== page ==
The first quarter of 2023 had a solid start for capital markets. However, following the Federal Reserve’s year-long campaign to raise interest rates, cracks in the financial system began to show. Two bank runs led to the collapse of Silicon Valley Bank and Signature Bank, causing concerns that bank runs might spread to other institutions. The Federal Deposit Insurance Corporation (FDIC) stepped in to insure deposits above the standard $250,000 threshold for Silicon Valley Bank and Signature Bank, which helped alleviate many concerns. Nevertheless, the strains in the financial markets led to a collapse of confidence in Credit Suisse, ultimately resulting in its acquisition by UBS in a deal orchestrated by the Swiss government. Despite the turbulence, both equity and fixed income markets delivered positive returns for the quarter.

These bank runs provide an opportunity to discuss the differences between how assets are held at a bank versus how they are held at a brokerage firm. When investors deposit cash with a bank, those deposits become a part of the bank’s balance sheet (i.e., a liability of the bank), and the bank has the right to lend or invest those funds. Poor management of lending or investments by the bank can put depositors’ funds at risk, as was the case with Silicon Valley Bank. In contrast, non-cash investments held at a brokerage firm do not appear on the brokerage firm’s balance sheet; the assets are held in trust for each client, and creditors do not have a right to those assets, even in the event of the brokerage firm’s bankruptcy. Furthermore, any brokerage firm that is a member of Securities Investor Protection Corporation (SIPC), which almost all are, is covered by SIPC insurance, which protects against fraudulent activities.

In terms of the economy, the Federal Reserve has been on an aggressive interest rate-raising campaign for the past year in an attempt to cool inflation. With their dual mandate of price stability and maximum employment, the Fed is involved in a balancing act with competing forces. As unemployment has remained near historic lows, the Fed has focused almost squarely on reducing inflation. While the rate of inflation has begun to decline, with the CPI-U measuring 6.4% in January and 6% in February, the addition of 517,000 jobs in January led the Fed to continue with rate hikes of 25 basis points in both February and March. In one year, the Fed has embarked on the fastest rate-hiking cycle on record, raising the rate from 0.25% to 4.75%.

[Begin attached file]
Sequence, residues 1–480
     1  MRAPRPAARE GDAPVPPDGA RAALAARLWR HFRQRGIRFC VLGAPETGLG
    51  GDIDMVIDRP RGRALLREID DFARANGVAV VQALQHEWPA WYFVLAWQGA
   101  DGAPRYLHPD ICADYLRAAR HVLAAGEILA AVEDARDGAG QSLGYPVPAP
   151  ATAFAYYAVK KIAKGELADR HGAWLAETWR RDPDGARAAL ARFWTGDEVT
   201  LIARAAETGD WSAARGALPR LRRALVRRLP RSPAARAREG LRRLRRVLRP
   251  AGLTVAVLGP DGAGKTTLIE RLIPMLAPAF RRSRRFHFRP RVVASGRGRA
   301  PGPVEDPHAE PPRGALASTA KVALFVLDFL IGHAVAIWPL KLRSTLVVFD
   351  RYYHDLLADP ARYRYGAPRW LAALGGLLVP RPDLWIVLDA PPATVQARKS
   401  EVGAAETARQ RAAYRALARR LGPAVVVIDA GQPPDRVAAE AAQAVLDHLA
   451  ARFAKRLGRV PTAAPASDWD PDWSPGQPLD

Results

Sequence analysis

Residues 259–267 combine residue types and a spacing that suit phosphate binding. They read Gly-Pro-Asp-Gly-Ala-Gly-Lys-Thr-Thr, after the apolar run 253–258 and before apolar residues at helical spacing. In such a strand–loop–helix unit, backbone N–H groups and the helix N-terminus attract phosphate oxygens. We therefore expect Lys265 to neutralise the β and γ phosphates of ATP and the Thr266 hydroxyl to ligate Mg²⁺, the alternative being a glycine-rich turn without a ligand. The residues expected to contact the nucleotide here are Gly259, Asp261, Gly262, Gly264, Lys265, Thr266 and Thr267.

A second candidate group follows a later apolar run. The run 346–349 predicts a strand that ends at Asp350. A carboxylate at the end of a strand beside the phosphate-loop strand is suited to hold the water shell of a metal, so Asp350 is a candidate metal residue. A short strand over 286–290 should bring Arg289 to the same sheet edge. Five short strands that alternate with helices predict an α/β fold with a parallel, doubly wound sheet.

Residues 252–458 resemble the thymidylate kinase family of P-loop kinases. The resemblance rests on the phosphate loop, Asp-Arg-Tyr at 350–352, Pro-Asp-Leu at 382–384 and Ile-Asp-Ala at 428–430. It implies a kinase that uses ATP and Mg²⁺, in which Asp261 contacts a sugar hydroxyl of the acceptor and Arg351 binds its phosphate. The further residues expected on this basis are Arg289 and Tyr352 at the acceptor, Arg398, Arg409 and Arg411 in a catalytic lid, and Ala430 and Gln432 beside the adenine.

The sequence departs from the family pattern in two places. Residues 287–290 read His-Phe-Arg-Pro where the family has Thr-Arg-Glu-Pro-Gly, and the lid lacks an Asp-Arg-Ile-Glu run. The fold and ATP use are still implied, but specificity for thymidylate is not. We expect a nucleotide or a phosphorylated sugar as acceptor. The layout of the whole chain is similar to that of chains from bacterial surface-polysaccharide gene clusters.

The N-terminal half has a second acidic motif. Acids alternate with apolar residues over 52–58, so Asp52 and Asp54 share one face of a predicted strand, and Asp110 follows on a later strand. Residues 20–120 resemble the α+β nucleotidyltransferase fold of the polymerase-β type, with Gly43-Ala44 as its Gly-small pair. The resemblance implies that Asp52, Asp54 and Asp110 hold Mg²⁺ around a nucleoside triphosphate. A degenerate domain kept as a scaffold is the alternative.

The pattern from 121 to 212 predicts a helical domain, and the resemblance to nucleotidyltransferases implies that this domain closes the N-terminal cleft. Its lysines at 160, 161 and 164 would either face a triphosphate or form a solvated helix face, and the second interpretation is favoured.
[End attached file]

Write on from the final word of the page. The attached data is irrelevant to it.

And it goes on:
In the oil markets, US crude oil prices dropped to a 15-month low in mid-March, falling below $67 per barrel. For comparison, US crude prices exceeded $120 in the first quarter of 2022. Furthermore, the Biden administration announced plans to drill for oil in Alaska, known as the Willow project, which is expected to produce 600 million barrels of oil over a 30-year period.

According to the National Association of Realtors (NAR), real estate prices slowed in February after a period of high activity following the COVID-19 pandemic. Home prices experienced their first year-over-year drop in price since 2012, with the national average declining by 0.2%. This cooling of the real estate market has been primarily driven by rising mortgage rates, with the average 30-year fixed rate mortgage at 6.3% at the end of March. While this rate is lower than the 7%+ rates of late 2022, it is still significantly higher than the rates of a year and a half ago, which were at or below 3%.


Despite heighted volatility, all major regions of global equity markets delivered positive returns. International developed stocks outperformed US and emerging markets. Across US, international developed, and emerging markets, growth and large cap stocks outperformed value and small cap stocks.


Global REITs carried positive momentum from the fourth quarter of 2022 into the beginning of this year with a slightly positive return for the quarter. High yield bonds also had a strong return for the first three months of the year.


Last year was one of the worst performing years for US bonds on record. However, US bonds started 2023 on a different note with strong positive returns. Inflation protected bonds and short-term municipal bonds also posted positive results. After the tremendous rate increases from last year, bond yields are now significantly higher than they have been in the years since the global financial crisis.

With the ongoing war in Ukraine, speculation around the Federal Reserve’s actions, and fears from the recent bank runs, many pressures continue to affect the market. Despite these pressures, the first quarter of 2023 managed solid returns across virtually every asset class. This is a reminder that diversification and refraining from market timing have continued to generate successful investment outcomes.

We hope you have had a great start to 2023, and we look forward to hearing from our clients throughout the year. As always, if you have any questions regarding markets, your portfolio specifically, or financial planning in general, please call or email us.